Puzzlet 120 was originally about a sphere in a cube. Colin Hughes has pointed that my solution had an error in it, and it could be solved by hand anyway, so I've replaced it with the interesting problem you can see in the archives about primes. The old Puzzlet 120 will re-appear at some future date redesigned to need a computer solution. This was the original:

"A hollow sphere's material thickness is t mm.  Within the hollow space inside the sphere is a cube of side 1 metre. The cube is an exact fit so that each of its eight corners just touches the sphere's inside surface. Both objects are made from the same material. If the ratio of the sphere's material volume to the cube's material volume is exactly 4, what is the sphere's thickness t to within one-tenth of a millimeter? Take pi to be 3.14159."

Contribution for Puzzlet #120
colin@mathschallenge.net

Hi Dave,

In looking at your solution to Puzzlet 120, and maybe I am misunderstanding the problem, but I wonder if you have made a mistake …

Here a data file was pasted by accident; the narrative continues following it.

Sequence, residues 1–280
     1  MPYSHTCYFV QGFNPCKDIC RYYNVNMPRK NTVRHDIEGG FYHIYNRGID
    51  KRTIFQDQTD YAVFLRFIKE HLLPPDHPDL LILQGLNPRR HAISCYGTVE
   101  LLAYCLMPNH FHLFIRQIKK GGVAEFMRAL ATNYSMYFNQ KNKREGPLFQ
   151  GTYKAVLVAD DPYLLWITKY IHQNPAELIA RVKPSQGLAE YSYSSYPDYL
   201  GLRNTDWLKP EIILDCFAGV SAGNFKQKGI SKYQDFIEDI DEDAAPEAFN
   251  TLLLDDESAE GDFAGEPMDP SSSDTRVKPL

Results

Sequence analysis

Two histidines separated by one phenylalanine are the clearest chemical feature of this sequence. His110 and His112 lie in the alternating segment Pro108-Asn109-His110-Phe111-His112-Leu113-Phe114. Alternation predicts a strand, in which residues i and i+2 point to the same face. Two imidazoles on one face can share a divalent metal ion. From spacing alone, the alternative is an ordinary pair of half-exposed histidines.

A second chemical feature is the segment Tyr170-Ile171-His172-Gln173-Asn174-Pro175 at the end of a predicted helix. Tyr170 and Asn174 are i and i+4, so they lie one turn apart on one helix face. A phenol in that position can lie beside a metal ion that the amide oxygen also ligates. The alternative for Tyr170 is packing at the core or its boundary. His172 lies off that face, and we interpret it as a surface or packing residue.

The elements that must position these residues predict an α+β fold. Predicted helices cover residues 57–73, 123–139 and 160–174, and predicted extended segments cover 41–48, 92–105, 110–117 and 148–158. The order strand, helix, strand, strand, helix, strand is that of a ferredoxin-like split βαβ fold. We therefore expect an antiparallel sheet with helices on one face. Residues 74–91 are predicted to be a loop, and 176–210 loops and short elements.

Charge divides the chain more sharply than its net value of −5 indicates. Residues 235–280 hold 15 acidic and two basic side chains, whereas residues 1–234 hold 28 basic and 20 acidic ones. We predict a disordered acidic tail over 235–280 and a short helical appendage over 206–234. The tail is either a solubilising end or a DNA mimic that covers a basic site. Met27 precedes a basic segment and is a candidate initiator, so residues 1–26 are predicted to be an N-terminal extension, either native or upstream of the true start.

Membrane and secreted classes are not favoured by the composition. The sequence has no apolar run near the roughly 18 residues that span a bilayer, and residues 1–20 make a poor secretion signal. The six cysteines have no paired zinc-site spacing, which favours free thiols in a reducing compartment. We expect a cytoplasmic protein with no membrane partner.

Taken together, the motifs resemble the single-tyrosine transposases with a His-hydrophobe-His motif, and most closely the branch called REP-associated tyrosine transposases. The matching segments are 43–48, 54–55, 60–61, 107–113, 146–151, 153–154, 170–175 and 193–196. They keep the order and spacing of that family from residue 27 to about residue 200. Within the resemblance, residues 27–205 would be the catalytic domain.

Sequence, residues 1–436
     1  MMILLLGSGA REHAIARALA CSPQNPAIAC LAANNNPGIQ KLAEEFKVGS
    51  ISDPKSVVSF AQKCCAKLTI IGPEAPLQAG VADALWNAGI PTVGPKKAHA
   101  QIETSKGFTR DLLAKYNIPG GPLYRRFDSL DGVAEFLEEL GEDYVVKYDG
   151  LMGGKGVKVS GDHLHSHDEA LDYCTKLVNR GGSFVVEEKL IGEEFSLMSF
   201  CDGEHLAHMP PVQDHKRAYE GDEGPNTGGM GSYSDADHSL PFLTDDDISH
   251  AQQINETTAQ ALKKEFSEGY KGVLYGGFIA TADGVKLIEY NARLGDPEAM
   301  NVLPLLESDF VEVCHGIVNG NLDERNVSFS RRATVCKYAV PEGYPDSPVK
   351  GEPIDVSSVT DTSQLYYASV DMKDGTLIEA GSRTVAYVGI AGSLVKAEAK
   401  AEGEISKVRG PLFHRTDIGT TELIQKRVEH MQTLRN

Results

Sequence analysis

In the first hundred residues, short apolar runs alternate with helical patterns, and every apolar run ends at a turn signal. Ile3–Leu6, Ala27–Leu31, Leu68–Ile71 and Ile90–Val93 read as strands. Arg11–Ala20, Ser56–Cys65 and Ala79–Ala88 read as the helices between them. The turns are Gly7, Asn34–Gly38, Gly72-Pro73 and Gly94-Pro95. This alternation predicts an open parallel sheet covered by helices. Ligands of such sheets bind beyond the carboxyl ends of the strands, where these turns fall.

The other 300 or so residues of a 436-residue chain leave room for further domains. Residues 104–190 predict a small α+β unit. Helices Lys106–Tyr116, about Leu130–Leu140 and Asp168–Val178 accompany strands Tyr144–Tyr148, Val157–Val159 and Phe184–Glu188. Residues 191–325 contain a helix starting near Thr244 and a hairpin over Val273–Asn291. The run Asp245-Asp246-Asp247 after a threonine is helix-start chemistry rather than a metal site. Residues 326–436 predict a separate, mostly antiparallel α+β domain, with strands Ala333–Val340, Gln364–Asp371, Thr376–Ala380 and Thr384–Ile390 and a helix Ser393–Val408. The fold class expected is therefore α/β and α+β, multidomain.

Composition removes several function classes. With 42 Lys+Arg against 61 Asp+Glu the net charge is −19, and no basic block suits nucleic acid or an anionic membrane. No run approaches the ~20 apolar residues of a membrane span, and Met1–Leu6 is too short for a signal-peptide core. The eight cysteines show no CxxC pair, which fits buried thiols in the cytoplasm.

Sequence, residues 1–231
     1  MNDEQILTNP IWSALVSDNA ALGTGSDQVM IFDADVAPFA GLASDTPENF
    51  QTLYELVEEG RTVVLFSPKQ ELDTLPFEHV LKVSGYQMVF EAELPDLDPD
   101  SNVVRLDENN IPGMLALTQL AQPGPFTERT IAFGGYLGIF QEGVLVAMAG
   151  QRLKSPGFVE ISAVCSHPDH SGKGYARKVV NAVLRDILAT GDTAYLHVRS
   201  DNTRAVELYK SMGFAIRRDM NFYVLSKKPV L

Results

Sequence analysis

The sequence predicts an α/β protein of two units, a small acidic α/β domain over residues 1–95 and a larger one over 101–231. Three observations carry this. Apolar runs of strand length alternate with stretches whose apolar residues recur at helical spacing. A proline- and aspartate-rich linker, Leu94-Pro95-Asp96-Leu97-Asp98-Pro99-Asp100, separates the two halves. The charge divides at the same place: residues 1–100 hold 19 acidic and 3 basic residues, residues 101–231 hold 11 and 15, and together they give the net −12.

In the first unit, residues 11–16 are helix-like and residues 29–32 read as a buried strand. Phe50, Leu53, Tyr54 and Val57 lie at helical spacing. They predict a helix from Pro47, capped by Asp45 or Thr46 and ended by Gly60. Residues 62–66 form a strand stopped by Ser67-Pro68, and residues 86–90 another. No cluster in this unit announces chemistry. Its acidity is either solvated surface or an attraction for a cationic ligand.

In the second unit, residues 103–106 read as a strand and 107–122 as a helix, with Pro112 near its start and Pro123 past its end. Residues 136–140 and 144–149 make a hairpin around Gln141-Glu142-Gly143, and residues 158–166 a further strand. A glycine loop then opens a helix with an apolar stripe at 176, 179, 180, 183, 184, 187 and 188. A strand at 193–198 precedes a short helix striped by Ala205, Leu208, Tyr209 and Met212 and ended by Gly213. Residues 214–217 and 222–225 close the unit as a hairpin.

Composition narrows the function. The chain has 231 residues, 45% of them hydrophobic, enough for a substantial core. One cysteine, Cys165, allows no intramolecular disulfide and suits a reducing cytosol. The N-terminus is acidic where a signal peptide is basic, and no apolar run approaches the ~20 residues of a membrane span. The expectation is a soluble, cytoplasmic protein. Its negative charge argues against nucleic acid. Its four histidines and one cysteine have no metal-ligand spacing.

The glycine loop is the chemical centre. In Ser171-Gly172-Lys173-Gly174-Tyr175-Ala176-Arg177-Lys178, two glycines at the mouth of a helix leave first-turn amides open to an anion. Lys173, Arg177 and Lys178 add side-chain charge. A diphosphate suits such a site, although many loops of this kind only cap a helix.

Using the Pythagorean Theorem, the radius of the internal sphere, r=sqrt(3(1/2)^3)=sqrt(3)/2, so the volume, v1=(4/3)pi*3sqrt(3)/8.

Let R be radius of external sphere, so v2=(4/3)pi*R^3.

Volume of material, V=v2-v1=(4/3)pi(R^3-3sqrt(3)/8), and as volume of cube is 1 and ratio of volumes is 4, V=4. Solving this we get:

(4/3)pi(R^3-3sqrt(3)/8)=4

R^3-3sqrt(3)/8=3/pi

R^3=3(sqrt(3)/8+1/pi)

Which leads to R, and as thickness, t=R-r, we get t=cbrt(3(sqrt(3)/8+1/pi))-sqrt(3)/2~=0.305m=305mm.

Colin


Colin's solution is correct.  I originally published this Puzzlet in 1997, and the solution was correct there.  But I still missed the fact that it could be solved by hand. Thanks, Colin, for pointing this out.

Dave.


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